NEW DELHI: The Indian government backtracked Saturday after slapping a 48-hour ban on two TV channels for what officials called biased coverage of New Delhi riots.
A blackout of Asianet News and MediaOne was ordered on Friday but lifted after an outcry from opposition groups and protests by the channels to the information and broadcasting ministry.
Information minister Prakash Javadekar said Prime Minister Narendra Modi requested the ban be revoked on learning of it.
“Our basic belief is that press freedom is essential in a democratic set-up,” Javadekar told reporters when asked about the move.
A government order had accused the channels of covering last month’s deadly riots in the capital “in a manner that highlighted the attack on places of worship and siding towards a particular community”.
At least 50 people were killed in Delhi’s worst sectarian violence in decades, over two-thirds of them from India’s Muslim minority, according to hospital lists.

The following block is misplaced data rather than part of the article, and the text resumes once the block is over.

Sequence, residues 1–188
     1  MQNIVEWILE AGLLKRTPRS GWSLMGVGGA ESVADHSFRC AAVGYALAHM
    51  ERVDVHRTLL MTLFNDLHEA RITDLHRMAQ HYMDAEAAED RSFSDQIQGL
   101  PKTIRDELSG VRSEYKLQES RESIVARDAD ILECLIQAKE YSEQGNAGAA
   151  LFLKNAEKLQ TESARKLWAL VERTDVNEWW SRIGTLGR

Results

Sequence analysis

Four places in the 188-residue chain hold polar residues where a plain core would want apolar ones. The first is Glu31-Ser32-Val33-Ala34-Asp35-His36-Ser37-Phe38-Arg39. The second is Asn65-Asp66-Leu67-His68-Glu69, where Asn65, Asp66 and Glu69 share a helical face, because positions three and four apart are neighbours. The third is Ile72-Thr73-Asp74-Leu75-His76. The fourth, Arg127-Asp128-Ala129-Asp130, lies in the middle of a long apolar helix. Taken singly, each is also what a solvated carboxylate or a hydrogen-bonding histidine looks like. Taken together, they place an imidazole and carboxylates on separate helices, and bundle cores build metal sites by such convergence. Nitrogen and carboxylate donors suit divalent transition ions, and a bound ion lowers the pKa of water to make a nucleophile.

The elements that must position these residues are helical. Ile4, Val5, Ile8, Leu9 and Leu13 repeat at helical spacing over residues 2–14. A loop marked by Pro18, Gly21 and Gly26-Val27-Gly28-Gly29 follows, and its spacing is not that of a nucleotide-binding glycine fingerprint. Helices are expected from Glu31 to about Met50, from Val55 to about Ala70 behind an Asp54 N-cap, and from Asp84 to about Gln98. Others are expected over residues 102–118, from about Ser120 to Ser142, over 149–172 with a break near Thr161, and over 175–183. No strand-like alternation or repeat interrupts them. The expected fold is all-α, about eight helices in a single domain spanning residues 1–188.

Mosques were burnt and vandalised along with Hindu-owned shops and at least 15 Hindus were killed.
MediaOne called the ban “a blatant attack on free and fair reporting” and an “unprecedented and undemocratic action”.
It also said it was penalised for criticising Delhi police and the Rashtriya Swayamsevak Sangh, a Hindu nationalist group close to Modi’s ruling right-wing party.
Indian governments have long been sensitive to media coverage and criticism, analysts say.
In 2016, officials banned NDTV’s Hindi-language channel for 24 hours for broadcasting details of an attack by militants on an air force base.
The government also banned Qatar-based channel Al Jazeera for five days in 2015 for displaying a map of the disputed Kashmir region deemed incorrect.
Last year a journalist was jailed over derogatory comments made on social media against a chief minister from Modi’s party.
The latest ban sparked an outcry from opposition parties.
“All democratic minds should unite to voice against this fascist decision,” Ramesh Chennithala, a senior member of the Congress party, said on Facebook.